Hermetic Library Fellow T Polyphilus reviews Paul Gauguin’s Intimate Journals (aka The Intimate Journals of Paul Gauguin) [Amazon (Routledge), Amazon (Art/Books), Amazon (Dover), Bookshop (Dover), Bookshop (Art/Books), Bookshop (Routledge), Publisher (Dover), Publisher (Art/Books), Publisher (Routledge), Local Library] by Paul Gauguin.
Paul Gauguin’s second prose work was called by him Avant et Aprés, and saw its first publication posthumously as a bound facsimile of the manuscript in 1918. These so-called Intimate Journals are the English translation, first published in 1921 with a preface by Gauguin’s son Emil. It would be reasonable to suspect that the shorter Noa Noa, subtitled The Tahitian Journal, was an excerpt from this Intimate Journals work, but they are entirely distinct. Emil Gauguin writes that this later work better captured his father’s spirit than did the more heavily edited Noa Noa; I certainly found it a livelier and more entertaining read.
The English title doesn’t really do justice to the text, the last of which was written in the last year of Gauguin’s life, while he was living in the Marquesas. To call it digressive would suggest a central course that is missing from a work that is “not a book,” as Gauguin declares at the outset and repeats many times. “I could exist without writing this; but then, why should I not write it?–since I have no other aim than to amuse myself” (161). The book wanders through reminiscences and anecdotes, offers opinions, philosophizes, and cracks wise by turns. Gauguin recounts high points from his personal experiences with Vincent van Gogh, he vituperates against the Catholic Church, he discusses fencing and boxing, he gives vent to his animus against Denmark, he tells stories of his youth and family, he criticizes the colonial police of French Polynesia, and he praises the lost arts of the Marquesans.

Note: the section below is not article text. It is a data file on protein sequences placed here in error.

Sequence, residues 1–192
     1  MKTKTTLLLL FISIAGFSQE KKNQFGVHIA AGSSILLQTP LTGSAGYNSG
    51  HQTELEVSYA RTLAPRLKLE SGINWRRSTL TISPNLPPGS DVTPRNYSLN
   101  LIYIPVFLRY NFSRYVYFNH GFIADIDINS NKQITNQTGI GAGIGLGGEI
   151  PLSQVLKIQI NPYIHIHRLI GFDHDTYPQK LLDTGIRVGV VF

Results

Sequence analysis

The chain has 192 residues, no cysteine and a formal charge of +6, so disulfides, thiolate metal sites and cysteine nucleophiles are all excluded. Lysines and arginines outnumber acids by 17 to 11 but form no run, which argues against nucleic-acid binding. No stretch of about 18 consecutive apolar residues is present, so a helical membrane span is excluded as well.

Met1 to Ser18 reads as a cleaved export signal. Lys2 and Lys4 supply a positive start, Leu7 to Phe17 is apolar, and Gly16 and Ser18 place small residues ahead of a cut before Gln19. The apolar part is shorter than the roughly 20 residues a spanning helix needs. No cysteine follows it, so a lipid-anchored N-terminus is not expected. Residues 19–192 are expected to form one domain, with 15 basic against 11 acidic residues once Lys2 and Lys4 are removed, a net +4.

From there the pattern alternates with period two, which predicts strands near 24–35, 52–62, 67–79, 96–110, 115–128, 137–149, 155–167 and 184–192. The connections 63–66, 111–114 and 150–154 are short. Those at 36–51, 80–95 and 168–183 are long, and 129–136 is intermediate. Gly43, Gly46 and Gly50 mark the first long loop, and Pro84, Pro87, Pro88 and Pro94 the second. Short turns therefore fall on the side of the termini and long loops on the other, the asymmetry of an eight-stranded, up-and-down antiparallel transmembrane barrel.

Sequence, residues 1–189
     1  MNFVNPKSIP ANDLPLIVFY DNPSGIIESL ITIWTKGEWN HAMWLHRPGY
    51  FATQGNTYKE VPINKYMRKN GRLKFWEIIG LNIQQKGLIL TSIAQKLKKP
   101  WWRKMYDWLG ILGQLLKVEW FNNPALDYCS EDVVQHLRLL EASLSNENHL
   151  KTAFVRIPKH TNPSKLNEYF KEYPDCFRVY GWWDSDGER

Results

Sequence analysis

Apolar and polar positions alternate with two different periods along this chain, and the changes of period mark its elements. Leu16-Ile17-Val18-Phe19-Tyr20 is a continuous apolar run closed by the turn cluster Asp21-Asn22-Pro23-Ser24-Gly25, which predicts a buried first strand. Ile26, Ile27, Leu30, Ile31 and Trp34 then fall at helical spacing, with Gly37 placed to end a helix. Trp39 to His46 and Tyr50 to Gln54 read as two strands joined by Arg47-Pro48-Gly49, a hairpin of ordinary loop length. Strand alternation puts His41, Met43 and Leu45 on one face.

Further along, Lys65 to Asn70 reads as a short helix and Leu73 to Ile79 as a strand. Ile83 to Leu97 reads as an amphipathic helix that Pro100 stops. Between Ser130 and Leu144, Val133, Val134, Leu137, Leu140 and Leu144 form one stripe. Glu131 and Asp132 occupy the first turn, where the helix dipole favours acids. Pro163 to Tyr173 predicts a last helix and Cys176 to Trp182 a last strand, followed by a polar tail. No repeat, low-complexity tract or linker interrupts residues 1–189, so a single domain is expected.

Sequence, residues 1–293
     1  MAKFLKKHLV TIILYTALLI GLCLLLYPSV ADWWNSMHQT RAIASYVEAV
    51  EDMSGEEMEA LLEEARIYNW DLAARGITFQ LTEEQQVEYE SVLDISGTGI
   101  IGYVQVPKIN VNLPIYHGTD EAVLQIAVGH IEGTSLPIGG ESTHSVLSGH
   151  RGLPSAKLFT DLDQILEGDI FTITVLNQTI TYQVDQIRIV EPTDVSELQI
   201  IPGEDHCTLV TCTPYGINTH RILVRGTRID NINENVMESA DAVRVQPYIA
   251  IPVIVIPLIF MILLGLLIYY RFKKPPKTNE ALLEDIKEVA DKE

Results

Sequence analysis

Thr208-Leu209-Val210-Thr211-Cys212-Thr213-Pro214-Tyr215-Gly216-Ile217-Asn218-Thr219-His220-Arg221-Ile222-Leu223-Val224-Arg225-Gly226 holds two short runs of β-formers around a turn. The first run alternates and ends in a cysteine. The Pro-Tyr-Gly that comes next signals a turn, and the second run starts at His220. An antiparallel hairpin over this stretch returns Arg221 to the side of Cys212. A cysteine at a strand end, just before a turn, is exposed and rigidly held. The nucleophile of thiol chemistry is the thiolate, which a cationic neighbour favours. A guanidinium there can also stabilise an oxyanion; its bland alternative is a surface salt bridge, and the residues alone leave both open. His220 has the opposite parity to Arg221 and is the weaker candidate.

The book includes drawings and sketches reproduced from the manuscript, along with a variety of black-and-white reproductions of Gauguin paintings from the holdings of various museums. Inserted by Gauguin into the flow of the text are various letters and articles: one from August Strindberg declining to contribute to an exhibit catalog for Gauguin (42-49), one by Achille Delaroche “Concerning the painter Paul Gauguin, from an aesthetic point of view” (49-55), and several letters by Gauguin himself to the colonial authorities.
“I believe that life has no meaning unless one lives it with a will, at least to the limit of one’s will. … No one is good; no one is evil; everyone is both, in the same way and in different ways. It would be needless to point this out if the unscrupulous were not always saying the opposite.” (240)